THEATER | "Cat on a Hot Tin Roof" sizzles at the Guthrie Theater

Emily Swallow in Cat on a Hot Tin Roof. Photo by Michael Brosilow, courtesy Guthrie Theater.

The character Brick spends much of Tennesee Williams's Cat on a Hot Tin Roof seeking "that click" in his head: that moment when he's finally drunk enough to be able to ignore his yowling inner demons. There's a click of sorts in theater as well: when a production is working so well that as an audience member you become totally absorbed in its universe. That click comes as soon as the lights go up on the Guthrie Theater's new production of Cat on a Hot Tin Roof, which doesn't release its grip until the play's final bittersweet embrace.

Director Lisa Peterson and her confident cast are justly assured of the strength of this classic script: not a line is wasted in this production, as the big revelations and showcase scenes fall like dominos until we end where we began, in the bedroom with Brick (Peter Christian Hansen) and his frustrated wife Maggie (Emily Swallow).

Peterson's casting is superb, starting with Swallow, who spends much of the first act in near-monologue, landing every one of Maggie's many memorable lines and successfully seducing the audience, watching from behind the fourth wall (technically, this being the Wurtele Thrust Stage, from behind the second, third, and fourth walls) as she tries and fails to rouse the interest of her sullen husband. Swallow proves just as deft as an ensemble player in the second act when the extended family arrive in the couple's bedroom (a beautifully airy set by Rachel Hauck) to celebrate what may or may not be the last birthday of her flinty father-in-law (David Anthony Brinkley).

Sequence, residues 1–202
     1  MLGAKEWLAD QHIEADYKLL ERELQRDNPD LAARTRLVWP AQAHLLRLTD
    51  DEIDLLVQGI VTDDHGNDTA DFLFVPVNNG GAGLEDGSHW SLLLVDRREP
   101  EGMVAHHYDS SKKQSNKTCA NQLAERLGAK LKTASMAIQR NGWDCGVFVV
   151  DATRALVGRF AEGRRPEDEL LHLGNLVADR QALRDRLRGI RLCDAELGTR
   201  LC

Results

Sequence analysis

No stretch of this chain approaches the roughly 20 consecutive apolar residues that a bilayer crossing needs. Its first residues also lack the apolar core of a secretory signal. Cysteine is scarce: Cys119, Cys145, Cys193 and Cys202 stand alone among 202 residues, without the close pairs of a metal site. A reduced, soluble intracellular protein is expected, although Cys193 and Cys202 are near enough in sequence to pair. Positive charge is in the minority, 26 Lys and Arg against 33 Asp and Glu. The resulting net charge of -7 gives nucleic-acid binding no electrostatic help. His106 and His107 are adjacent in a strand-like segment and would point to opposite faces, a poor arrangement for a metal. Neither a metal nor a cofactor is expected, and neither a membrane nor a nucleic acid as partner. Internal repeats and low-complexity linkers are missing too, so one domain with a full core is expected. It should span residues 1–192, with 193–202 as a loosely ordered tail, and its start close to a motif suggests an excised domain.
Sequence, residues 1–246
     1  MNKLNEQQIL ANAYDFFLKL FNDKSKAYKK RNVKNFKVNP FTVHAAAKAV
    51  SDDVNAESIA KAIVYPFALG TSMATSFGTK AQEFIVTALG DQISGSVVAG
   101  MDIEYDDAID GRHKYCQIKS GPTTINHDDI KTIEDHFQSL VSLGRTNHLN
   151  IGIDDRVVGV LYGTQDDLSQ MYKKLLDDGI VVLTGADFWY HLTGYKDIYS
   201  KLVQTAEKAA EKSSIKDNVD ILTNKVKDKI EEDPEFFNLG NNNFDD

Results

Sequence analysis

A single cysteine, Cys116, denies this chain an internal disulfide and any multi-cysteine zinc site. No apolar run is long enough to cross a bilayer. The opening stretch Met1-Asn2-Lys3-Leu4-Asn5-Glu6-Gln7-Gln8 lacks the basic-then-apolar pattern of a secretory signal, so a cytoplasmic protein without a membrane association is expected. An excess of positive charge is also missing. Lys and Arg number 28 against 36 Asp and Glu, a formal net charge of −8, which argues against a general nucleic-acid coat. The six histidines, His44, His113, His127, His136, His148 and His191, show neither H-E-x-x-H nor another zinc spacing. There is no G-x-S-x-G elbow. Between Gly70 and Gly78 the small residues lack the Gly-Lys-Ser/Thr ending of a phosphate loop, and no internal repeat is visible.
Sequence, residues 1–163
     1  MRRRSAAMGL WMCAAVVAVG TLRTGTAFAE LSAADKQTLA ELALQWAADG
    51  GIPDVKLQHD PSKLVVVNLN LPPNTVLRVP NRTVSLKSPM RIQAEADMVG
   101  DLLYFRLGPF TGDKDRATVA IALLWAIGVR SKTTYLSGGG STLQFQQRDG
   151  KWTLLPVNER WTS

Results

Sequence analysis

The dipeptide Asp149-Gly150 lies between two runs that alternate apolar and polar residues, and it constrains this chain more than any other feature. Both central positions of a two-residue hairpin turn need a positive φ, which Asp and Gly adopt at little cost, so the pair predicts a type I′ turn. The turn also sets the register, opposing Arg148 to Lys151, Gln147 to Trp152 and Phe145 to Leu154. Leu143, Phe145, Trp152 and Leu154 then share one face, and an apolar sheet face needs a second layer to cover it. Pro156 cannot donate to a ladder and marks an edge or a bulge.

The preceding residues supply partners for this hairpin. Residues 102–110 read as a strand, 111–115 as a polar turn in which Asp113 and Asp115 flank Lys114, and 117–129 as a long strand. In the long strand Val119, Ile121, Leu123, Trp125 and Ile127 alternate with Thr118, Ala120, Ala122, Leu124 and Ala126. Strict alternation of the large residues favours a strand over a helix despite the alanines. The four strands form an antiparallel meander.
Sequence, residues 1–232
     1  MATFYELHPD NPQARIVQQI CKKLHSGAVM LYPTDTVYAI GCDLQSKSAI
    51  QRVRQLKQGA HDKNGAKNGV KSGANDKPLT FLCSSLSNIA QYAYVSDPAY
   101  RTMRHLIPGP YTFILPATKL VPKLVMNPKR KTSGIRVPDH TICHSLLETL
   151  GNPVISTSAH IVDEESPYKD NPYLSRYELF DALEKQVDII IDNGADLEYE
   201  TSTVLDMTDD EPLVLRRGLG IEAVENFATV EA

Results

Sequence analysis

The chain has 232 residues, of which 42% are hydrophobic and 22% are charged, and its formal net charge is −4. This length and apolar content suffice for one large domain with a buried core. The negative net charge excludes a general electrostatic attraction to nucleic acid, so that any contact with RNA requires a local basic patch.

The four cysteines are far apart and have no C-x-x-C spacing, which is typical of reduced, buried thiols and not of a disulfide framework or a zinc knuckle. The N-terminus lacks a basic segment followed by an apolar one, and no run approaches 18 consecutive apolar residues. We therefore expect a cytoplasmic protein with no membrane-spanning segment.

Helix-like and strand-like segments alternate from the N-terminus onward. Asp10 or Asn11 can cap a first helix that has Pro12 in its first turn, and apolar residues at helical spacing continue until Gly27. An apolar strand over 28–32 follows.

Brinkley burns down the house as Big Daddy, and Hansen rises to meet him nose-to-nose in the pair's climactic confrontation. More than holding their own are Melissa Hart as the fraying Big Mama, Michelle O'Neill as money-minded sister-in-law Mae, and Chris Carlson, looking relieved to be applying his talents to a great play after struggling through last year's shallow, showy God of Carnage.

From top to bottom, this is a very powerful, vastly entertaining production of one of the great American plays. See it now: frequently produced though this play is, it doesn't get much better than this.


Coverage of issues and events affecting Central Corridor communities is funded in part by a grant from the Central Corridor Collaborative.

"Cat on a Hot Tin Roof" at the Guthrie

01/14/2012 - 7:00pm - 02/26/2012 - 7:00pm

In the course of one sultry evening, a prominent Southern dynasty is pushed to the brink when tender memories are relived and life altering secrets are revealed.

818 S. 2nd St.
Minneapolis, MN 55415
617-377-2224

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Jay Gabler's picture
Jay Gabler

Jay Gabler (@JayGabler) is a digital producer at The Current and Classical MPR.

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Cat on a Hot Tin Roof

This is not your father's Cat on a Hot Tin Roof.  This is a script that was rewritten in the 1970's and Williams held nothing back.  He thrust full forward the love, both physical and emotional between the two male stars, Brick and the unseen Skipper.  And most interesting, in NONE of any prior productions was the isssue of Big Daddy's full acceptance of two of his employees on the plantation, two men, who shared the same bed, openly. They were call "the sisters", but, were fully accepted without reproach.  So, the question lingers, what if Brick had come out to Big Daddy about his confused love for his friend, Skipper?  Well, for one thing we would not have this wonderful play, play out as it does.

Go see it.  It is a great cast doing a great performance on a wonderful stage.  It's about lies and uncovering lies until truth is all thats left.